I stumbled upon a great article from the New York Times co-penned by the indefatigable Dr. Paul Offit, a fierce defender of evidence-based medicine and vaccination in particular. This one is about supplements, the unregulated, sometimes dangerous domain of charlatans. In the piece he explains why the Children’s Hospital of Philadelphia will no longer be handing out most dietary and health supplements:
“Now, when parents in our hospital still want to use products whose quality can’t be assured, we ask them to sign a waiver stating that the supplement may be dangerous, and that most have not been studied for their effectiveness. ‘Use of an agent for which there are no reliable data on toxicity and drug interactions,’ the waiver reads, ‘makes it impossible to adequately monitor the patient’s acute condition or safely administer medications.'”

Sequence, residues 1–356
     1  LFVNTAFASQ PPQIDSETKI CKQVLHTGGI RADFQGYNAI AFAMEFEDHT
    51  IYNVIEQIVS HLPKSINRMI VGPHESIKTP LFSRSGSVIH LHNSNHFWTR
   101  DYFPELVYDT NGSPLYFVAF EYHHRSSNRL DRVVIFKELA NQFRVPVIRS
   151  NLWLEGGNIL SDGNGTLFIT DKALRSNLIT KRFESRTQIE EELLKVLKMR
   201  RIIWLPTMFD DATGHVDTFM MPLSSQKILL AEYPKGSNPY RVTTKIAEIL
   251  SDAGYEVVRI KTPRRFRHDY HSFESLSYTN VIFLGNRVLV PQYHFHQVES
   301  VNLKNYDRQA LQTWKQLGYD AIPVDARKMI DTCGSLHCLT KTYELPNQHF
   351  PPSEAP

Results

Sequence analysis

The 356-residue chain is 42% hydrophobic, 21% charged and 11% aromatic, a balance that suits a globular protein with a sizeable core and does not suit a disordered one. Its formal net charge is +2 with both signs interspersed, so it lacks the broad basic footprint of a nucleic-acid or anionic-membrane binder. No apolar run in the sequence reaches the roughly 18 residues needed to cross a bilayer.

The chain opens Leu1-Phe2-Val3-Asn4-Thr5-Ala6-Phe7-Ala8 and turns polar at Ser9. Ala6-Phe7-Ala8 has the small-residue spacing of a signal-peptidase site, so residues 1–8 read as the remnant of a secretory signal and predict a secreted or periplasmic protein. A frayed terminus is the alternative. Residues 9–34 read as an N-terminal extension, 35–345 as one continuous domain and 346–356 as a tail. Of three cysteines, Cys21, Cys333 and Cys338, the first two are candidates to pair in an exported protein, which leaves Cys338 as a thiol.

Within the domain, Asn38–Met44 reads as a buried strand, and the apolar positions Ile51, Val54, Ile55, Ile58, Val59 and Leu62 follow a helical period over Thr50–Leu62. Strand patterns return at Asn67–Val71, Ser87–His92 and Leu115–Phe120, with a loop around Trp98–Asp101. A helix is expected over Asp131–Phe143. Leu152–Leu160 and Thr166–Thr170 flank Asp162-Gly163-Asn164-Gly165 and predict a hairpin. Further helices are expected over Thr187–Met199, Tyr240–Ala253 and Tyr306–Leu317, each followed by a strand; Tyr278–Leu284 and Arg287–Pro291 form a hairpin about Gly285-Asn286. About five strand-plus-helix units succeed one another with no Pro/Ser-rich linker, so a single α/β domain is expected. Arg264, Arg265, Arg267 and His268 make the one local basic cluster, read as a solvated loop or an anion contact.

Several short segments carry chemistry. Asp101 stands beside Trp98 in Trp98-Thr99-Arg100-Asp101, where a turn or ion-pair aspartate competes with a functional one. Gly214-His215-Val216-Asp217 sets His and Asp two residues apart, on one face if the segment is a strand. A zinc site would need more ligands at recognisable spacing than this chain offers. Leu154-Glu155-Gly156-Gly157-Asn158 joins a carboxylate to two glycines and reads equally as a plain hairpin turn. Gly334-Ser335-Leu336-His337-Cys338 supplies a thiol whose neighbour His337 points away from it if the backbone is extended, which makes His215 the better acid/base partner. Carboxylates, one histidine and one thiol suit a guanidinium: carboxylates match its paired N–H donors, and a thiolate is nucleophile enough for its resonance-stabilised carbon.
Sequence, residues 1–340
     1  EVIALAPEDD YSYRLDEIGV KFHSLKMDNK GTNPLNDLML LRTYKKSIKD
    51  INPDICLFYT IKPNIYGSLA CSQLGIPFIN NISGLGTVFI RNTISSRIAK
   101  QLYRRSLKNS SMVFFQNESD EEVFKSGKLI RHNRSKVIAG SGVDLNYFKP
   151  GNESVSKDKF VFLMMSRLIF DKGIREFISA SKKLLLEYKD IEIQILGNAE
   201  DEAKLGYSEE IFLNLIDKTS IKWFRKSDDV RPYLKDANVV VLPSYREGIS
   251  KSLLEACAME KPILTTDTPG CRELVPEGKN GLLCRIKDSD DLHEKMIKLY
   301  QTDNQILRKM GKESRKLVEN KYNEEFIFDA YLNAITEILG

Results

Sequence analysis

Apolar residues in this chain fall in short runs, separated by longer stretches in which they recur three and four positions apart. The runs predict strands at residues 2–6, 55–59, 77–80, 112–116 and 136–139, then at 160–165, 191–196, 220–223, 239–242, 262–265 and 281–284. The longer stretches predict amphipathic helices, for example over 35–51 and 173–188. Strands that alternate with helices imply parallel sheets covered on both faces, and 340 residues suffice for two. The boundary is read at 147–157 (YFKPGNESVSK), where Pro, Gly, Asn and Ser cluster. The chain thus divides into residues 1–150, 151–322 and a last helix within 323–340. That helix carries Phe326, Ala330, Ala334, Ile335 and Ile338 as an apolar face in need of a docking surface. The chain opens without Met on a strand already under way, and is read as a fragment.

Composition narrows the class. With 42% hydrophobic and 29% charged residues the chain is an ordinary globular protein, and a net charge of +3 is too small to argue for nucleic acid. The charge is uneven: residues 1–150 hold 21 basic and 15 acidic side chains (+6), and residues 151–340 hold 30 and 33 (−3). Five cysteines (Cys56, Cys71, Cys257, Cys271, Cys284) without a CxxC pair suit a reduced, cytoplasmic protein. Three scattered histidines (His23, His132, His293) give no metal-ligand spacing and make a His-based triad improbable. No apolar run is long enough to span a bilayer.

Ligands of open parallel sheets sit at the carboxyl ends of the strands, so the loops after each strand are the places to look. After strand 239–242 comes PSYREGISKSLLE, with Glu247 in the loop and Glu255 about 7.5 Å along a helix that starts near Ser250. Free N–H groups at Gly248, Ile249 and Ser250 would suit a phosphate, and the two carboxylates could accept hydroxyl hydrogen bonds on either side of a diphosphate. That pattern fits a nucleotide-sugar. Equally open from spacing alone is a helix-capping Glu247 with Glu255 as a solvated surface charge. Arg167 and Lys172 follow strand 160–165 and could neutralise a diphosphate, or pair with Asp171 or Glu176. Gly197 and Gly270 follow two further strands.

Puzzled as to why?
You can read the full article here.
Very interesting. The FDA should close down all the companies that don’t meet the regulations in the article! Only 1% thats incredible. I rarely use supplements although I sometimes take melatonin to help me sleep (apparently). Wonder how well that has been researched? Do you know how this relates in Canada? Are we just as bad or do we have better regulations?
I hope to blog about it in the near future. I’ve already started the research on it. The situation doesn’t seem that much better. Natural health products do have a “second path” for approval that is distinct from the one Health Canada requires of “actual drugs”. Here’s a good blog post about the situation in Canada: http://sciencebasedpharmacy.wordpress.com/2009/12/26/do-the-natural-health-products-regulations-benefit-canadians/